Learning from Classic Games

In this post I would like to show you that learning and analyzing the games of top players isn’t just very useful to enrich your opening knowledge and expand the horizons, but it has a great practical value too!

Quite a few years ago, I analyzed game Leko-Khalifman for one of the issues of Chessbase magazines…

I guess it’s worth mentioning that many chess fans consider Peter Leko rather “boring player”. Indeed, his games very rarely include sharp tactical battles, unbalanced positions with most of pieces hanging in the air and amazing sacrifices – kind of chess most chess fans enjoy to see (not that he is incapable of providing that kind of stuff, it’s just he prefers a different approach to the game…).

However if we are inclined to learn about deep positional play and carrying out complex strategic plans I can’t think of player whose games are more suitable and comprehensive for this purpose than Peter Leko!

Speaking of above-mentioned encounter Leko-Khalifman, I consider it a classic example of good knight versus bad bishop play in French defense. Due to my exposure to this game back in 2000 (!), I had a very easy life in one of my rare tournament games more than 5 years afterwards!

You will find both games commented by yours truly hereafter. Despite of a different opening line there is a striking similarity between middlegame positions in both games, so I feel there is no need to spare words to make the point – the games just speak for themselves! Enjoy it!

Peter Leko – Alexander Khalifman

Budapest, 2000

1.e4 e6 2.d4 d5 3.Nc3 Nf6 4.Bg5 dxe4 5.Nxe4 Be7 6.Bxf6 Bxf6 7.Nf3 0-0 8.Bc4 Nc6

Black’s idea in this kind of positions is usually to push c5 in order to open a1-h8 diagonal for the bishop, but playing e5 also makes a lot of sense. By playing 8…Nc6 black prepares a push of an e-pawn, after which the knight could be transferred to g6 or f5. 8…Nd7 9.Qe2 Be7!? 10.0-0 c5! 11.d5?! exd5 12.Bxd5 Nb6 was slightly better for black in Smirin-Lputian, Wijk an Zee op 1993.


9.Nxf6+ Qxf6 10.0-0 e5 11.Nxe5 Nxe5 12.dxe5 Qxe5 13.c3 ½-½ Balashov-Dreev, RUS-ch 1995

9…e5 10.d5 Nb8

This move is a bit slow, but apparently black didn’t want to spoil his pawn structure on the kingside after 10…Ne7!? 11.Nxf6+ gxf6 even though this position is considered rather unclear.


11.d6!? Bf5 12.Qd5 Nd7 13.Qxb7 Bxe4 14.Qxe4 Nc5 15.Qd5 cxd6 16.0-0 small advantage for white, Groszpeter-Dizdar, AUT-chT qual 1997

11…Bf5 12.0-0-0 Nd7 13.Ng3 Bg6 14.Bd3!

An excellent strategic decision and a very important improvement, comparing to the game Bologan-Gurevich, where white played 14.h4 and after 14…e4! the game was drawn almost by force 14.h4 e4 15.Nxe4 Re8 16.Nxf6+ Qxf6 17.Qd2 Nb6 Bologan-Gurevich, 1999. This game is an excellent example of fight of “good” knight versus “bad” bishop. White’s idea is to trade all the light pieces except of black bishop on f6, which is limited by its own pawn on e5.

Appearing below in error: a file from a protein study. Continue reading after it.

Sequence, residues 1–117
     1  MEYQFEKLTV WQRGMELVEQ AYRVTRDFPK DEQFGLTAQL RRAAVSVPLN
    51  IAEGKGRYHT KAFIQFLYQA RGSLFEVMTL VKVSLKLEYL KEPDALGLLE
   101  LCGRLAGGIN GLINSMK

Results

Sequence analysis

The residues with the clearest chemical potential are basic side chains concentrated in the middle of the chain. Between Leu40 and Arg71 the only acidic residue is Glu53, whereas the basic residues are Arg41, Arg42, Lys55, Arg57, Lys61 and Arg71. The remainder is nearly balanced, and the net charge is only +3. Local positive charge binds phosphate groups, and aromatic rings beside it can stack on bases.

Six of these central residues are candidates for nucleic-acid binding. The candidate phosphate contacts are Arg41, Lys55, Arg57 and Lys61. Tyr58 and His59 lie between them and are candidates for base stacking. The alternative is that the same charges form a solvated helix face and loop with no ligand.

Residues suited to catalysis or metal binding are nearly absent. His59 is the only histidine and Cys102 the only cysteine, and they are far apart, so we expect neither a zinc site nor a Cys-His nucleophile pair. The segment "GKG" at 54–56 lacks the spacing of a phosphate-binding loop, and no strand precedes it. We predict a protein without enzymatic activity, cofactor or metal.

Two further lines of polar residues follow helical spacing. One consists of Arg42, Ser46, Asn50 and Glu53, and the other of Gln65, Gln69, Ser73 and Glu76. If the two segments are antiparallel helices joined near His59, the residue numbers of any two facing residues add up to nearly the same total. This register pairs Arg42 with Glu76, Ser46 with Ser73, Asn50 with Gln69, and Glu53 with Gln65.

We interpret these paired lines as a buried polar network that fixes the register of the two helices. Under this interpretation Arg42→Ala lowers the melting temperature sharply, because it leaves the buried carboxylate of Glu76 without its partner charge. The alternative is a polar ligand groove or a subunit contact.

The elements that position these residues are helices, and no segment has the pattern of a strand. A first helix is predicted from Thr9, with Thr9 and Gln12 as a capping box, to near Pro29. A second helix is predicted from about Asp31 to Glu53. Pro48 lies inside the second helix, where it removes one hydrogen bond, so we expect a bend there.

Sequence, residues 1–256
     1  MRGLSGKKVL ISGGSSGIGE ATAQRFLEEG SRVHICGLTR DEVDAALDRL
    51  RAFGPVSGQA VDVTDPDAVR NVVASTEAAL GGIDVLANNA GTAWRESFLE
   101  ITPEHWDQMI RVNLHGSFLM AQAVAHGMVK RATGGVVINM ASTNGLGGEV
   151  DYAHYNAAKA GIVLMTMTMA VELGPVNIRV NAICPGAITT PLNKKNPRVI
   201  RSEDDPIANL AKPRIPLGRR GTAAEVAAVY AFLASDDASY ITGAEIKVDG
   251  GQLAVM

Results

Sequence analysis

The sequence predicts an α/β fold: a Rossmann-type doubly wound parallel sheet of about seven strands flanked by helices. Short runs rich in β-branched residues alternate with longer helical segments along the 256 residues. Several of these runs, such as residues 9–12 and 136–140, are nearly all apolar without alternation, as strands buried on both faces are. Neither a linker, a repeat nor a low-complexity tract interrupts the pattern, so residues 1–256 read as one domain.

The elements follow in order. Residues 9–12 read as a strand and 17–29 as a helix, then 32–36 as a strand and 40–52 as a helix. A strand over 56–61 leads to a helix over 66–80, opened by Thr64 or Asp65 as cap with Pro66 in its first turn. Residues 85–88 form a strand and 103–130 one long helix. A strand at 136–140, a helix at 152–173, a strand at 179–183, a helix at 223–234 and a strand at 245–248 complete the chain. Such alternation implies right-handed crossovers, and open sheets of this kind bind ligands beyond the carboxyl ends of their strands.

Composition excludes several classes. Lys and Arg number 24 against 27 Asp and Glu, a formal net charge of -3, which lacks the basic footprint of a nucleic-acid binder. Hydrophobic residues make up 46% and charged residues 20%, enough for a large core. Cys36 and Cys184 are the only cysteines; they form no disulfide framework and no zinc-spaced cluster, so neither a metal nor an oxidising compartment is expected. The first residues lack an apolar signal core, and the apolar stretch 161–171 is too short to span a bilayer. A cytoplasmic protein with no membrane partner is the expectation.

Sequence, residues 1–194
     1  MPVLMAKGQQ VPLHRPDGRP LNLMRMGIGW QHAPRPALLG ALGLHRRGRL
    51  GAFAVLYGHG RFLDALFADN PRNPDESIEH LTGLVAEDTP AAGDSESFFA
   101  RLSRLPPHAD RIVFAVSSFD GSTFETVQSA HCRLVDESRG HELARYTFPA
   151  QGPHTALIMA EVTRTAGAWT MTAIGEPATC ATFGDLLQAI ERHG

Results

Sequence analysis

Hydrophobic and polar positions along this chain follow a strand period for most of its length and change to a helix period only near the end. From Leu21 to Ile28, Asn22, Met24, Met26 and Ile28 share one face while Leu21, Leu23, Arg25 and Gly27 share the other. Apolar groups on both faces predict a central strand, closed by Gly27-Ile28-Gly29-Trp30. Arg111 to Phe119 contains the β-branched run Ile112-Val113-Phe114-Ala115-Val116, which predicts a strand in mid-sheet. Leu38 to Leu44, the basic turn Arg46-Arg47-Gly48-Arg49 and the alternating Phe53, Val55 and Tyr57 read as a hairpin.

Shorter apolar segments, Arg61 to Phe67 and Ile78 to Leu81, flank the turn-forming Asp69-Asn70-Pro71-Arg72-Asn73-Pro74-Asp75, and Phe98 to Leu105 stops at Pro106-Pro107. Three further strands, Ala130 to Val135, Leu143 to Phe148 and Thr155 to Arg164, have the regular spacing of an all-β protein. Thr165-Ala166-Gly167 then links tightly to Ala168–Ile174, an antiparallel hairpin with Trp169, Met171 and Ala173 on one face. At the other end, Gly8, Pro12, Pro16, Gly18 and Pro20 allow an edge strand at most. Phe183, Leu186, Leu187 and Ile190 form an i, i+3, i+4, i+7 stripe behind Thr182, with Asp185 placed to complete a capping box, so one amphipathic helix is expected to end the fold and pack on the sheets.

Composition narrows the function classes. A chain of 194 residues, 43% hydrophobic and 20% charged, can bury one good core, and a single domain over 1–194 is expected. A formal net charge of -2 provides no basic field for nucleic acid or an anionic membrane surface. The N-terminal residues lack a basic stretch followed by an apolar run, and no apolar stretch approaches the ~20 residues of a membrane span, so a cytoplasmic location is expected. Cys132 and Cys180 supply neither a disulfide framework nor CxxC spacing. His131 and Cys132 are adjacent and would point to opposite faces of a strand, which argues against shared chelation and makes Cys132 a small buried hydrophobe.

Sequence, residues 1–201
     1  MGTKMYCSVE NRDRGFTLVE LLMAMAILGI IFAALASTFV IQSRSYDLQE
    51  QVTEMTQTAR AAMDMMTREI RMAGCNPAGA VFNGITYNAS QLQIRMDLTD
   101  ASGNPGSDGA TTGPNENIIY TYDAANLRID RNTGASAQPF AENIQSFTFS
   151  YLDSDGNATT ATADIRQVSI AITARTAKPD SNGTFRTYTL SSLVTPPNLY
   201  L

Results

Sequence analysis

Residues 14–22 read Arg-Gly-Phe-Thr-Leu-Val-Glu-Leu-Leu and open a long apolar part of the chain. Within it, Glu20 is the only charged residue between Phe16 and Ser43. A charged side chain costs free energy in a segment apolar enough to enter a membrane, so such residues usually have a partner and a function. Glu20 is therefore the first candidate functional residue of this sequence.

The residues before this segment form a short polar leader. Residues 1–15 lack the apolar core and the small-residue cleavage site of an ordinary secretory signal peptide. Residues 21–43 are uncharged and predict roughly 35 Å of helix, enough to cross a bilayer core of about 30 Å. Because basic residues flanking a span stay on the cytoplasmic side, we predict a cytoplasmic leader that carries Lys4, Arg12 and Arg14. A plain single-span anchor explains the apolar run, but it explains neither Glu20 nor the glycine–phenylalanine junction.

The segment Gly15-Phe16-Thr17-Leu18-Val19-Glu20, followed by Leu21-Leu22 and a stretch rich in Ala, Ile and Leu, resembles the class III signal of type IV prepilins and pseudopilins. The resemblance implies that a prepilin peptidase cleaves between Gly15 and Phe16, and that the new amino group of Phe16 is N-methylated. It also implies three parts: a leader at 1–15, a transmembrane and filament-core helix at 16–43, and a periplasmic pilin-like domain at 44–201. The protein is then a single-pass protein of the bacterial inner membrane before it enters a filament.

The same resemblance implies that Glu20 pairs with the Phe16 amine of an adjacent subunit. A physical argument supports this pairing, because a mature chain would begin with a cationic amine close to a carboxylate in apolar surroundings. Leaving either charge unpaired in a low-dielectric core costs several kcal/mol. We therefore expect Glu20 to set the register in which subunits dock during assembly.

Immediate 14…Nc5 was hardly better as after 15.Bxg6 hxg6 16.h4 Re8 17.Ne4 Nxe4 18.Qxe4 Qd7 19.g4± white would open up h-file by h5 launching a dangerous attack against black king.

15.Qxd3 Nc5 16.Qe3 b6 17.h4 Re8 18.Ne4! Nxe4 19.Qxe4

It’s easy to see that the bishop is out of play. Till the end of the game black didn’t manage to find a solution to this problem.

19…g6 20.g4 Bg7 21.h5

Less convincing is 21.g5?! giving up control over f5 square 21…Qd7 22.h5 Qf5 23.Qxf5 gxf5 24.Nh4 f4 25.h6 Bh8 and black has his counterchances.

21…Qf6 22.hxg6!

Of course white is not interested to trade his fantastic knight for black bishop, that’s why he takes h6 under control. 22.Nd2?! Bh6! 23.hxg6 Bxd2+ (23…Qxg6) 24.Rxd2 hxg6 25.f3 Kg7 26.Rdh2 Rh8 27.Qe3 Rxh2 28.Rxh2 Rh8=

22…hxg6 23.Nd2!

Heading for e4.


Taking a pawn on f2 was far too dangerous so Khalifman correctly refrains from this move. 23…Qxf2 24.Rdf1 Qg3 (24…Qc5 25.Qf3 Qe7 26.Ne4±) 25.Qe2! e4 26.Nxe4 Qe5 27.Qf3 Re7 (27…Qe7 28.g5 Rad8 29.c4 b5 30.Rh4 bxc4 31.Rfh1+-) 28.d6 cxd6 29.Nf6+ Bxf6 30.Qxa8+ Re8 31.Qf3±

24.dxc6 Rac8 25.f3 Rxc6

May be better was 25…Qxc6!? 26.Qxc6!? (26.g5 Qxe4 27.Nxe4 Red8 28.Kc2 Kf8 29.a4) 26…Rxc6 27.Ne4 f5 28.gxf5 gxf5 29.Nd6 Rf8 30.Rh5± but the ending is extremely unpleasant.

26.Qe2 Qe6 27.Kb1 e4!?

Trying to get a space for the pieces, but white with accurate play restrains all the attempts.


28.Nxe4? f5 29.gxf5 gxf5 30.Rh4 fxe4 31.Rxe4 Qg6-+

28…Qc8 29.Qd3 Rd8 30.Qe2 Re6 31.Ne4 Rxd1+

31…f5 32.Rxd8+ Qxd8 33.Qc4+- Kf7 34.f4!+-

32.Qxd1 Qc6 33.Qd3 a5 34.Rd1± Be5 35.Qe3 Qc7

35…b5 36.Rd8+ Kg7 37.Qc5 (37.Ng5?! Re7 38.f4? Qh1+ 39.Kc2 Qh2+) 37…Qxc5 38.Nxc5 Re7 39.Rd5+-

36.Rd5 Bg7 37.Qd3 Re8 38.Rd7 Qe5 39.a4! Rf8 40.Qd5 Qf4 41.Nd6 Be5 42.Nc4+-

Now it becomes clear that black pawns on the queenside will fall pretty soon.

42…Bc7 43.Qc6! Bd8 44.Rb7 Kg7 45.Nxb6 Bxb6 46.Rxb6 Rd8 47.Ra6 Qd2 48.Qe4 Rd5 49.Ra7 g5 50.Ka2 Rc5 51.Qd4+ Qxd4 52.cxd4 Rd5 53.Kb3

A perfect play by Hungarian Grandmaster! 1-0

Alexander Finkel – Dotan Ganor